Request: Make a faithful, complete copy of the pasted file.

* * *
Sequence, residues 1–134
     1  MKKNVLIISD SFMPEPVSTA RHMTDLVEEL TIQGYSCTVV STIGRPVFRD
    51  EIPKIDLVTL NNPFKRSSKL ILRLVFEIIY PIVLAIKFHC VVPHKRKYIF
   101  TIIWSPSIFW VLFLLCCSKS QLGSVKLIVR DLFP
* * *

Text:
Sequence, residues 1–134
     1  MKKNVLIISD SFMPEPVSTA RHMTDLVEEL TIQGYSCTVV STIGRPVFRD
    51  EIPKIDLVTL NNPFKRSSKL ILRLVFEIIY PIVLAIKFHC VVPHKRKYIF
   101  TIIWSPSIFW VLFLLCCSKS QLGSVKLIVR DLFP